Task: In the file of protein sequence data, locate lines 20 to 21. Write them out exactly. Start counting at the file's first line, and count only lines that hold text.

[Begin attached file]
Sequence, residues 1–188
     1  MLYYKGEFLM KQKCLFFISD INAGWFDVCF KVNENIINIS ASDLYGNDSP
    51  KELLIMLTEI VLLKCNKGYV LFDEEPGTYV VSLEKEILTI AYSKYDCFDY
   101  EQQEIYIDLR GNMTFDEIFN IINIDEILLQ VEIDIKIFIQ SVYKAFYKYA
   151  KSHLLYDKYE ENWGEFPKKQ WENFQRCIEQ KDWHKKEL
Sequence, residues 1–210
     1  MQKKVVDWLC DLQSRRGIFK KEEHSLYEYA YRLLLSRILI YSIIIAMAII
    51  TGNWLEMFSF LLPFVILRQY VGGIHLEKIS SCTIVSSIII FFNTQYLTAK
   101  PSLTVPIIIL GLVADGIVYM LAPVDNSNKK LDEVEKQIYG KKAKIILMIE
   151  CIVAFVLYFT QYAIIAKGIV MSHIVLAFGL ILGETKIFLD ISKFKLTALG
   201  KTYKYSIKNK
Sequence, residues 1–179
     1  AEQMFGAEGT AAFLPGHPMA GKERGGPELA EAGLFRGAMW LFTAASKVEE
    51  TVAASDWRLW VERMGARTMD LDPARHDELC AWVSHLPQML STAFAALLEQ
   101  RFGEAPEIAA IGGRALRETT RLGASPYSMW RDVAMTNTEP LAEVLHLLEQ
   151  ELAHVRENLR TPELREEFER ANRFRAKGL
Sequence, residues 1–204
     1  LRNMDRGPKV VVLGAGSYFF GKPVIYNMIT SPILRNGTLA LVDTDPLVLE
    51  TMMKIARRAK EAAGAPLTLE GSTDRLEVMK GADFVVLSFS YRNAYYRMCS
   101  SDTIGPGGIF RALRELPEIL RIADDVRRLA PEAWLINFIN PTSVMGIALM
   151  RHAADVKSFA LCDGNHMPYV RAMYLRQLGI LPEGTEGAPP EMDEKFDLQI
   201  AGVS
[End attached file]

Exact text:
   101  SDTIGPGGIF RALRELPEIL RIADDVRRLA PEAWLINFIN PTSVMGIALM
   151  RHAADVKSFA LCDGNHMPYV RAMYLRQLGI LPEGTEGAPP EMDEKFDLQI